The move seems more of a political snub to the US as El Salvador recently publicly thanked China for the millions of COVID-19 vaccine doses. The International Monetary Fund is not pleased with the move and has threatened to call off loans. Cryptocurrency proponents hailed the action that pushed the price of Bitcoin from below $31,000 to over $38,000 on June 10. El Salvador’s adoption of Bitcoin as legal tender will not create meaningful change for the cryptocurrency market; it was largely a symbolic move for a leader of a small country taking a stance against the financial status quo in the US and Europe. El Salvador’s President is David, throwing rocks at the powerful financial system, Goliath.
Elon Musk sings a different tune
Meanwhile, Elon Musk, who did an about-face that sent Bitcoin falling in May, switched course over the past weekend, again. Mr. Musk had said that Tesla would not accept Bitcoin as payment for his company’s EVs because of the carbon footprint of Bitcoin miners.
On Sunday, June 13, Mr. Musk said TSLA could accept Bitcoin again in the future, pushing the token’s price over the $40,000 level for the first time since May 27 and over 32% above the June 8 low. Elon Musk told the world his company would resume allowing Bitcoin transactions “when there’s confirmation of reasonable (around 50%) clean energy usage by miners with positive futures trend.” The trendsetter once again set the bar for Bitcoin’s acceptance when it comes to the cryptocurrencies’ carbon footprint.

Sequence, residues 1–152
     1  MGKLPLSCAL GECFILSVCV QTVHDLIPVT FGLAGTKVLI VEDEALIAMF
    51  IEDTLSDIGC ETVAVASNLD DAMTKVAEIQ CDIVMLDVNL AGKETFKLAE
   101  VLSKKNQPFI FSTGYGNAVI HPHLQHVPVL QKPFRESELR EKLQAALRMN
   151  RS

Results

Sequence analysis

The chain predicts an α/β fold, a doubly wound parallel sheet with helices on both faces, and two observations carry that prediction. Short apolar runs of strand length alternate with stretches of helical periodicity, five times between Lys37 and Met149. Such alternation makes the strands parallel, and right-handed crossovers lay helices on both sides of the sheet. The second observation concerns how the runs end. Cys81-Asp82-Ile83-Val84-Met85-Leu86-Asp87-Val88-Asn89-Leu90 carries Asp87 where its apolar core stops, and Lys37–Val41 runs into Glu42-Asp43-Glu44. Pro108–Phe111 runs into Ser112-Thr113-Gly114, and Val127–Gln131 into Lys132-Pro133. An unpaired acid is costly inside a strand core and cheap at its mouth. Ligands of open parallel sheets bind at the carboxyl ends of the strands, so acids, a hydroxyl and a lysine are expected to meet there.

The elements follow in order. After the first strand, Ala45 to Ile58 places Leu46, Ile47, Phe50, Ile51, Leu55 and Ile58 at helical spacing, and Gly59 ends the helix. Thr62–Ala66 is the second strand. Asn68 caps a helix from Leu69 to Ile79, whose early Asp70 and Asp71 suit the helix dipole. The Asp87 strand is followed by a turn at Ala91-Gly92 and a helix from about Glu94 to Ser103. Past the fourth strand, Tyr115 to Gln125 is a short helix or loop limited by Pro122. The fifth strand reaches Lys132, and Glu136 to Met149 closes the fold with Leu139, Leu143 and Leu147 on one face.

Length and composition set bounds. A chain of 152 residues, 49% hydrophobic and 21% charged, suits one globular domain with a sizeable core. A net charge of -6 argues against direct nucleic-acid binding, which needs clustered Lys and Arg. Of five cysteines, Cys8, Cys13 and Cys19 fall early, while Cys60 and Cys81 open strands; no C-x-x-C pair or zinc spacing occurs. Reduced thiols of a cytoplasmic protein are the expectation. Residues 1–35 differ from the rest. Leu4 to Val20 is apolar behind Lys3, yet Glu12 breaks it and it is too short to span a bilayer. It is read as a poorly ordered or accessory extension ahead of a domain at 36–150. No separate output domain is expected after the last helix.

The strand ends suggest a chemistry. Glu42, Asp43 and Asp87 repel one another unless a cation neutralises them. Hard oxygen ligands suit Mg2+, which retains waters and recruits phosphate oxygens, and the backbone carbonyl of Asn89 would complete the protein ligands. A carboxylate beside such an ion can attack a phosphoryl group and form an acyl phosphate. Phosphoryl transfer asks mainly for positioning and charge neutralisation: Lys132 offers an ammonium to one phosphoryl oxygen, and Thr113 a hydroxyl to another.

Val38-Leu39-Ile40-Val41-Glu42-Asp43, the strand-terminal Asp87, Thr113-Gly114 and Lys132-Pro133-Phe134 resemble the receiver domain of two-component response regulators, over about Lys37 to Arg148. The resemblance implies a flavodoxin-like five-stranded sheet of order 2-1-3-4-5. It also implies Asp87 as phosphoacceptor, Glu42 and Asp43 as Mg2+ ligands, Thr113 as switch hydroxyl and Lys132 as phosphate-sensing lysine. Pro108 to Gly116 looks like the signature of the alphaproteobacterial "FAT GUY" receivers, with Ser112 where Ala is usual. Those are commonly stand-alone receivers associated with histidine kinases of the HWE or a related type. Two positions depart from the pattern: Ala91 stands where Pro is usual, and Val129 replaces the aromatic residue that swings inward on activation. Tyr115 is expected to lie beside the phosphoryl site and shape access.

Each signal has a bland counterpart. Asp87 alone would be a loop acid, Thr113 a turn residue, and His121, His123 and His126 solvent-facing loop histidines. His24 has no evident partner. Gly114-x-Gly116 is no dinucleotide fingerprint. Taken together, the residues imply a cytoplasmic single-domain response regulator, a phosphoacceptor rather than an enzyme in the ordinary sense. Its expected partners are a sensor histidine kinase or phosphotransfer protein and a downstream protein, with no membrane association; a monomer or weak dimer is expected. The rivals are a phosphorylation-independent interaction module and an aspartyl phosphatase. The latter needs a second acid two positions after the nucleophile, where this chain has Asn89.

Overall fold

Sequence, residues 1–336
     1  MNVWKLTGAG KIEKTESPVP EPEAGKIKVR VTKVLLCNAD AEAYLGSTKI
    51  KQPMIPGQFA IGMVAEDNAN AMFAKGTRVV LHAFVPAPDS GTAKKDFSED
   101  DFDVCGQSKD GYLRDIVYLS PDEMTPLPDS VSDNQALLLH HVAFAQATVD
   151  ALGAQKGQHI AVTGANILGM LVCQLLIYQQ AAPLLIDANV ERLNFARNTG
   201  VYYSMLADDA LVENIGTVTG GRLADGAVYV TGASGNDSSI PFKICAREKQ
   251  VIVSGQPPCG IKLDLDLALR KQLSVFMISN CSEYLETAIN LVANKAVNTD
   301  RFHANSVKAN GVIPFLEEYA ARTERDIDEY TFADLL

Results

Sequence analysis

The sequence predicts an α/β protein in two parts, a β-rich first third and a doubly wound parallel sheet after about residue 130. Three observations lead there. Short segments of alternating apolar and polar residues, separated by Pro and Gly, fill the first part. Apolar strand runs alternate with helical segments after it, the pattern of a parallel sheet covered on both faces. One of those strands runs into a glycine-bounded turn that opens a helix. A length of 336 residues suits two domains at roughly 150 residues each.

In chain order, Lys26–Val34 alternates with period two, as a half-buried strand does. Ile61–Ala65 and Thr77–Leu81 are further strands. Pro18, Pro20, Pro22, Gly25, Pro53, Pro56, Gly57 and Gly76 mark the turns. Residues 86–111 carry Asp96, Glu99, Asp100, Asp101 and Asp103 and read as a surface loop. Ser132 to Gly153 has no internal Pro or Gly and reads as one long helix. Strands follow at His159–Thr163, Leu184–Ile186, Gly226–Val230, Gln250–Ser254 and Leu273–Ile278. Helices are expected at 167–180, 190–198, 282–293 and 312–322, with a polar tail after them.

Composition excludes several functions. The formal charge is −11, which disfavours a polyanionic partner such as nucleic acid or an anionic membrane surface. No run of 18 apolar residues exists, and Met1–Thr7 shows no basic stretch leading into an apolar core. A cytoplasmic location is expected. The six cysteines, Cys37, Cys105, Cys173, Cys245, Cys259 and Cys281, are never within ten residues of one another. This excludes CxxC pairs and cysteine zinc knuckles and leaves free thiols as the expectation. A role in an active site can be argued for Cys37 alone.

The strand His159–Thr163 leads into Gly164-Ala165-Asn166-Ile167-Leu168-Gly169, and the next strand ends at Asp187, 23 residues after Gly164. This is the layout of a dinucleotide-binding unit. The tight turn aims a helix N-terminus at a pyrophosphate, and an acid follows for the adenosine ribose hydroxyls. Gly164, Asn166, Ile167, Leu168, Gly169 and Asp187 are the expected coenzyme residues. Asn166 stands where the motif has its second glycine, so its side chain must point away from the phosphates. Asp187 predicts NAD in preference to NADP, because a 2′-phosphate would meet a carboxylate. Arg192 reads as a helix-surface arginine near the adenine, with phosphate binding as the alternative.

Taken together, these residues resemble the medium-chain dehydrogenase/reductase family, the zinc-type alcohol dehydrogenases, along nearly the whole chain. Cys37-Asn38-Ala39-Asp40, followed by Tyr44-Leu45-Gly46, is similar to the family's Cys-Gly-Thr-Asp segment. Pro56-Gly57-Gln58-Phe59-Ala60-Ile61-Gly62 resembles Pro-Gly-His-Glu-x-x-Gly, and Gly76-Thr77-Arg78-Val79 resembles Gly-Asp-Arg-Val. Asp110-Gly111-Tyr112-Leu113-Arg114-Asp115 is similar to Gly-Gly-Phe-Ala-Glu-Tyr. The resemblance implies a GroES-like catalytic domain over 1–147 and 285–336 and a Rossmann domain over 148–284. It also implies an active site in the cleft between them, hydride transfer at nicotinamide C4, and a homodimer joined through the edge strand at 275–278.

China is critical for Bitcoin and the crypto asset class
The Chinese government publicly cracked down on Bitcoin mining in late May for environmental reasons. The Inner Mongolia region had become a mining hub. Chinese Vice Premier Liu He said it is necessary to “crackdown on Bitcoin mining and trading behavior to prevent the transmission of individual risks to the social field.” Meanwhile, Iran also banned Bitcoin mining in May until Sept. 22, after the government blamed blackouts in Tehran and other large cities on energy-intensive mining activities.
Countries with non-convertible currencies are critical to the growth of Bitcoin and other cryptocurrencies as they allow people to move money worldwide through anonymous blockchains. China’s ban was more likely motivated by the release of the digital yuan, which will compete with the cryptocurrency asset class and other world foreign exchange instruments.
It makes some sense for El Salvador and other smaller countries to move to the digital currency path, but it is dangerous
As the IMF pointed out: